Jeanie awoke the morning before Thanksgiving Day with a happy and thankful heart. Usually she awoke every morning feeling this way because she was a happy little girl, but today she had a special reason for being thankful.
Jeanie and her parents lived on a farm in the United States quite a distance from town or from neighbors. There was a big white house across the road, but Jeanie could not remember anyone ever having lived in it. Then last week Daddy told her and Mother that a family with a little girl Jeanie’s age was going to move into the house today.
Swiftly Jeanie jumped out of bed and ran to her window to peek at the house across the road. Sure enough, there was a moving van unloading furniture onto the front porch.
She was almost to the kitchen when she remembered something she had to do today. She had promised to gather the pine cones that Mother always used to decorate the table on Thanksgiving Day. Would she have time to search for them and visit the little girl across the road too?
Then a thought flashed into Jeanie’s mind. I’ll go see my new neighbor first and invite her to go with me to gather the cones.
By this time Jeanie was at the kitchen doorway. “Oh, Mother,” she sang out, “our new neighbors have come!”
Mother looked up from the plate of toast she was preparing and smiled. “Yes, I saw them. I am making some soup for their lunch. We will take it over as soon as it is ready.”
Jeanie nodded. She was glad Mother was making the soup, but she didn’t know whether she could wait so long to meet her new playmate.
“I’m going to invite the little girl to help me search for pine cones,” she told Mother. “Do you think she will like that?”
“Yes, I’m sure she will.” Mother looked a little thoughtful. “There is something, though, I think you should know. Daddy learned about it only yesterday and told me last night.”
Jeanie had been watching Mother and saw her strange expression. “What is it? Is it about the new neighbors?”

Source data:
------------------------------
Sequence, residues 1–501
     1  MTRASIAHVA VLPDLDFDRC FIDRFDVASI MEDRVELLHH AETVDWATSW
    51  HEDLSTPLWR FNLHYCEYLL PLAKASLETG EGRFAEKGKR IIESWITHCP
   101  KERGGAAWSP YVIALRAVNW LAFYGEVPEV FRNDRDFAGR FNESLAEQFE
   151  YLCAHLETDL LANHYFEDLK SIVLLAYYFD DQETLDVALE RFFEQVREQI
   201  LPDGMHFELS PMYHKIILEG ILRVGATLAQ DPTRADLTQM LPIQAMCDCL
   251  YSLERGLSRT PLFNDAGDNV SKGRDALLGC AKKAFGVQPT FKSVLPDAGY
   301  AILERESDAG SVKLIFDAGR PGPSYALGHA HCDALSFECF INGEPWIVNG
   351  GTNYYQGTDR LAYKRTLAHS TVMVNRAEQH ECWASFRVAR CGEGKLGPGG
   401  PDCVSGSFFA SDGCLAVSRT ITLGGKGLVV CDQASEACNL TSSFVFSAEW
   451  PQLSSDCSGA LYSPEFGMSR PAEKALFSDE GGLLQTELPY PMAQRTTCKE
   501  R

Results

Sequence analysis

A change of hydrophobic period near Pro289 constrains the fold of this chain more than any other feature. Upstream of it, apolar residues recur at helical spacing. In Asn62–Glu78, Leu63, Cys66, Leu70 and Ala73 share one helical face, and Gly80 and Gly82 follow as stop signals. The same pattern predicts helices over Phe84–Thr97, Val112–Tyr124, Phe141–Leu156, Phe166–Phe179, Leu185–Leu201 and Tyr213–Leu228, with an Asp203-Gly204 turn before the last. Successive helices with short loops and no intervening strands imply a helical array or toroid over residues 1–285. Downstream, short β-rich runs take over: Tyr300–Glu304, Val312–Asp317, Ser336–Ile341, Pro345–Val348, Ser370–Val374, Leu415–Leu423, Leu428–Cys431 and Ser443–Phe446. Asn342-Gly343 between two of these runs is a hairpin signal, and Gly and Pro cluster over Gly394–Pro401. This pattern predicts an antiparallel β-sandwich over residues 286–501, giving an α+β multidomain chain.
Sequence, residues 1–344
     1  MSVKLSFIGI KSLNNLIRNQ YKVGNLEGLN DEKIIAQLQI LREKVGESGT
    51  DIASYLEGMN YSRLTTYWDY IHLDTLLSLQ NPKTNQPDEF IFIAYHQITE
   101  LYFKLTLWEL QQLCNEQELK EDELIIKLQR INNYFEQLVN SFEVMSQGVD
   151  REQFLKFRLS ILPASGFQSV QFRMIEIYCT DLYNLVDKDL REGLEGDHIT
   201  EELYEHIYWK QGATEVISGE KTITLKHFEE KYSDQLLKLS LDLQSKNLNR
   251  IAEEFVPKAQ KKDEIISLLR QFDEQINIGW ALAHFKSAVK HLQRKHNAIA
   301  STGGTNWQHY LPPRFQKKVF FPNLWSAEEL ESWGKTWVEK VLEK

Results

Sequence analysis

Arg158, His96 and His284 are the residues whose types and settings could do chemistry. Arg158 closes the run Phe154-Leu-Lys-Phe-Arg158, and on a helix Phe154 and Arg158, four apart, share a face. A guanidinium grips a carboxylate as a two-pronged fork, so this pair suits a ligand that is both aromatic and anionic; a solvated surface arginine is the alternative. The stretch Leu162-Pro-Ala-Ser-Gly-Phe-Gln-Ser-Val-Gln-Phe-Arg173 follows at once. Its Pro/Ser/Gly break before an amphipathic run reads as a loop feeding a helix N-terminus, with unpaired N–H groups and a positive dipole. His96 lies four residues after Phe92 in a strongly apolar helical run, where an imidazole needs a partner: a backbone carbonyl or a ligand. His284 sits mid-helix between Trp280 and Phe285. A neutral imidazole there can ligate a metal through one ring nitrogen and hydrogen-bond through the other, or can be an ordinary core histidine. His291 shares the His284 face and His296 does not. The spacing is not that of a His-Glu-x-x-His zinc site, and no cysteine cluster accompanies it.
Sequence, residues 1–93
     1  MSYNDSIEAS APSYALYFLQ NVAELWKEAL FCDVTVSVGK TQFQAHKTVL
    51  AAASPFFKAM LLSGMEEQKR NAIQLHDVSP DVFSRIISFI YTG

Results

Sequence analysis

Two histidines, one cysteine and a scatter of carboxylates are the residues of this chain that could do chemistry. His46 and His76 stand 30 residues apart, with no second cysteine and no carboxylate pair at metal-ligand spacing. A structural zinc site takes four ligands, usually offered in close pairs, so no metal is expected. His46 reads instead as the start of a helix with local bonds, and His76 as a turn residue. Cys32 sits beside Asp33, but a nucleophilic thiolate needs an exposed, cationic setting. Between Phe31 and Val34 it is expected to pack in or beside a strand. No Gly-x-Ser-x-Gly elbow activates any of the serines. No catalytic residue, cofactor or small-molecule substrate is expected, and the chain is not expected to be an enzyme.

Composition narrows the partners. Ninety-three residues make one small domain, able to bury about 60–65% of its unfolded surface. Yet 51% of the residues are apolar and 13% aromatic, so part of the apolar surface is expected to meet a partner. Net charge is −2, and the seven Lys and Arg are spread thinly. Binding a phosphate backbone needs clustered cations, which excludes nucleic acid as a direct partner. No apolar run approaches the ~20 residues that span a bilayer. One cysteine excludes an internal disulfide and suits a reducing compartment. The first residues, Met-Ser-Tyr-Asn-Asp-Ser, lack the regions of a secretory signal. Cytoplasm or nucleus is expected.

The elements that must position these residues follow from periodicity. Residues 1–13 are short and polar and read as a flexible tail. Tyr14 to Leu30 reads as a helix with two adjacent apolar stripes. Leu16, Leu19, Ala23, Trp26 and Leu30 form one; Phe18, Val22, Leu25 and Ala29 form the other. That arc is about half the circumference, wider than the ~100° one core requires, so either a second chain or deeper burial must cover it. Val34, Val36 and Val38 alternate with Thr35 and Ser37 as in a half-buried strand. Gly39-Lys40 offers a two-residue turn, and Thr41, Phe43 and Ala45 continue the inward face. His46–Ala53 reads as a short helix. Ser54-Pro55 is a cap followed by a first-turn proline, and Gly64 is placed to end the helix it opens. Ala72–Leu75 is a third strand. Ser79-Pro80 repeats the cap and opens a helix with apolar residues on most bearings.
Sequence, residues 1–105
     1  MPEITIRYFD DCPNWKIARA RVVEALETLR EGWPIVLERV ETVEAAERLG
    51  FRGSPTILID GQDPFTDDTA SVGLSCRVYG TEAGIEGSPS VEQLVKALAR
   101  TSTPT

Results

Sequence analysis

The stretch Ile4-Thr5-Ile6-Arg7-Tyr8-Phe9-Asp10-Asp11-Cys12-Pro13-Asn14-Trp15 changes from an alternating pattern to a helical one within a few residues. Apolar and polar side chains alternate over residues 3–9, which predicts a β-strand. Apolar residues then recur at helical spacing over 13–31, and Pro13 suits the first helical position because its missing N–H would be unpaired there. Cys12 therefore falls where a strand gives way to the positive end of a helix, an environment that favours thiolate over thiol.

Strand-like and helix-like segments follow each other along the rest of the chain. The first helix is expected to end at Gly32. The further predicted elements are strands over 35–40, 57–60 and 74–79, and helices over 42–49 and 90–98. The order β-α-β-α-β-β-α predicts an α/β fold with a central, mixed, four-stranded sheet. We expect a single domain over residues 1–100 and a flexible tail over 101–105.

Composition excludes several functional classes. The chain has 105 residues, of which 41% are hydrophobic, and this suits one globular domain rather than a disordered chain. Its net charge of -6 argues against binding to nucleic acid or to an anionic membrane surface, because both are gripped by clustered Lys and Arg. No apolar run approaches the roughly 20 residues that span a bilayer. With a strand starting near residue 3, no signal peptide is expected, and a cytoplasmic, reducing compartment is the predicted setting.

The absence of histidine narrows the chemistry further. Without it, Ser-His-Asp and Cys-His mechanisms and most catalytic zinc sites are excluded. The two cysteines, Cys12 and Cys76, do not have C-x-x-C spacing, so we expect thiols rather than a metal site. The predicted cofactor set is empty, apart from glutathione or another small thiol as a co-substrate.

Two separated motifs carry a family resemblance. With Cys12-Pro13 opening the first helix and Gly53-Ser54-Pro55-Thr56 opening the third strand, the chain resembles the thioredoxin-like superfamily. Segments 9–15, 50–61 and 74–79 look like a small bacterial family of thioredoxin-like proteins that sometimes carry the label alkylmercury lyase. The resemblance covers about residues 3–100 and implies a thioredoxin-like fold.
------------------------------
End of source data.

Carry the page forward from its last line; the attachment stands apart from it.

Mother nodded. “It is about the little girl,” she answered gently. “She can’t see as you and I see, Jeanie. She is blind.”
Jeanie put down the plates she was holding and stared at Mother. Blind! She had never known a blind person. In school there was Cindy who had to walk with crutches, but being blind was different. Not to be able to see at all.
Jeanie had read about several famous blind people, such as Hellen Keller, but she had never really thought much about them. She had never tried to feel what it would be like never to see the bright blue sky, the green grass, other people—anything at all. Why, it was night all the time in a blind person’s world.
Jeanie took a deep breath. “Then—then maybe she won’t enjoy going with me to look for pine cones,” she managed to say.
“I think she may.” Mother surprised Jeanie by her answer. “You can invite her anyway and find out what she says.”
Jeanie was glad Mother had helped her decide. At worship Jeanie prayed a special prayer for Jesus to help her be friends with her blind neighbor.
Later when the steaming kettle of soup was ready Mother and Jeanie went across the road to see the new neighbors. As they entered the front gate, Jeanie’s heart began to beat faster. A little girl just her age was standing on the porch.
The little girl spoke first. “Hello,” she called. “I’m Kathy. Do you live across the road?”
“Yes, we do,” Jeanie told her. “My mother and I have brought you and your parents some soup for lunch, and I would like you to go pine cone hunting with me.”